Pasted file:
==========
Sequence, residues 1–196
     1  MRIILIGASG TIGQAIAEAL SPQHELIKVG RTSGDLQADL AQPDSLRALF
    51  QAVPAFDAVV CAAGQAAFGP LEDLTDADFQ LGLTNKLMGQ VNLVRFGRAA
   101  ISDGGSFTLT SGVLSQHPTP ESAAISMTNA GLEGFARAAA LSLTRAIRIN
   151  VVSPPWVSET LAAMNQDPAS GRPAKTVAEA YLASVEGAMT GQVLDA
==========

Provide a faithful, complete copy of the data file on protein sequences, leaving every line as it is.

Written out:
Sequence, residues 1–196
     1  MRIILIGASG TIGQAIAEAL SPQHELIKVG RTSGDLQADL AQPDSLRALF
    51  QAVPAFDAVV CAAGQAAFGP LEDLTDADFQ LGLTNKLMGQ VNLVRFGRAA
   101  ISDGGSFTLT SGVLSQHPTP ESAAISMTNA GLEGFARAAA LSLTRAIRIN
   151  VVSPPWVSET LAAMNQDPAS GRPAKTVAEA YLASVEGAMT GQVLDA